Tulsa and Black Wall Street

Deep Greenwood, Tulsa, Oklahoma, 1920
Deep Greenwood, Tulsa, Oklahoma, 1920
Public domain image

This entry is for juvenile audiences. To see the full version of this entry, click here.

What happened:

Black Wall Street became one of the wealthiest black communities in America. Greenwood was a neighborhood in Tulsa, Oklahoma. In the early 1900s, Booker T. Washington visited Greenwood. He saw it was a successful town and called it “Negro Wall Street.” It is now called “Black Wall Street.”

Why it is important to know about:

Black people were not always welcome in white towns. They formed their own communities. Black people founded twenty all-black towns in Oklahoma. That was more than any other U.S. state. Black people were proud to support themselves. They invested money into their own towns. That helped other black people to improve their lives.

Details of the event:

Black Wall Street was on the Arkansas River in Tulsa, Oklahoma. It was a fast-growing town. Railroad tracks separated where people lived. Whites lived in southern Tulsa. Blacks lived in northern Tulsa. Blacks could work for white people in Tulsa. But they could not shop in the white neighborhoods. Black people set up their own neighborhood around Greenwood Street. Many people came for jobs when oil was discovered. Tulsa had tall office buildings and electric trolley cars. The city had four railroads, telephone service, and an airport by 1921. Many rich black people settled in Black Wall Street. There were beautiful homes. Black Wall Street had over two hundred black businesses. Black Wall Street had newspapers, schools, and theaters. It had restaurants and hotels. It had pharmacies, parks, and churches. It also had grocery stores and a library. The people of Black Wall Street did not need anything outside their town. They had their own doctors, lawyers, and teachers. They had their own dentists and entertainers. Black Wall Street was a symbol of success. It was one of the wealthiest black towns in America for fifteen years. In 1921, a group of angry white men burned the town to the ground. This is known as the Tulsa Race Riot. Recently, people are learning more about this event and why it happened.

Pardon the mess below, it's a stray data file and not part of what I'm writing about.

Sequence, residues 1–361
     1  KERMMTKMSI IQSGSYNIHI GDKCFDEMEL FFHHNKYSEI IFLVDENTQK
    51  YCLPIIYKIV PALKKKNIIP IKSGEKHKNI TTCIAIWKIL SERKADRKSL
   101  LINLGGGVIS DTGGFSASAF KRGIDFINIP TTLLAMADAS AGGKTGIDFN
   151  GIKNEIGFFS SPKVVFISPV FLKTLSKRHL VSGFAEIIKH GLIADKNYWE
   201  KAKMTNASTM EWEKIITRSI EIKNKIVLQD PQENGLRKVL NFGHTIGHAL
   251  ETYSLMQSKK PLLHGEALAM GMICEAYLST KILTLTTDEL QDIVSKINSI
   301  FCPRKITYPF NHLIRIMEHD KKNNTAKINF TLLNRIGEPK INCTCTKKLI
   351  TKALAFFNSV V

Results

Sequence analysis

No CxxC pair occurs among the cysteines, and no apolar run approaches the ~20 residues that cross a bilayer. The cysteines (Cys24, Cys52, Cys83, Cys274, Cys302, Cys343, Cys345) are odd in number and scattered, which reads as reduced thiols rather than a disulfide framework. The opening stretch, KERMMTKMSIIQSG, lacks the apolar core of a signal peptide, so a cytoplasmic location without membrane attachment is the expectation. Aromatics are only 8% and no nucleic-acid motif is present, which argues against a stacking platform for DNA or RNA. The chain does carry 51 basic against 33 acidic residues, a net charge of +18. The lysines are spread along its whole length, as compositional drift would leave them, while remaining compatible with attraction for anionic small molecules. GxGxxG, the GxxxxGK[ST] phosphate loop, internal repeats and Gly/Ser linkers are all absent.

The lasting impact:

Wall Street is an eight-block-long area in New York City. It is where banks are located and lots of money is traded. The name “Black Wall Street” meant that it was a wealthy town. Black Wall Street became a symbol of black accomplishment.

What we learned from this event:

There is power in believing in yourself. Uniting together and supporting your own race uplifts people. Looking out for others gives them a chance to succeed.

For more information, please go to BlackPast.org.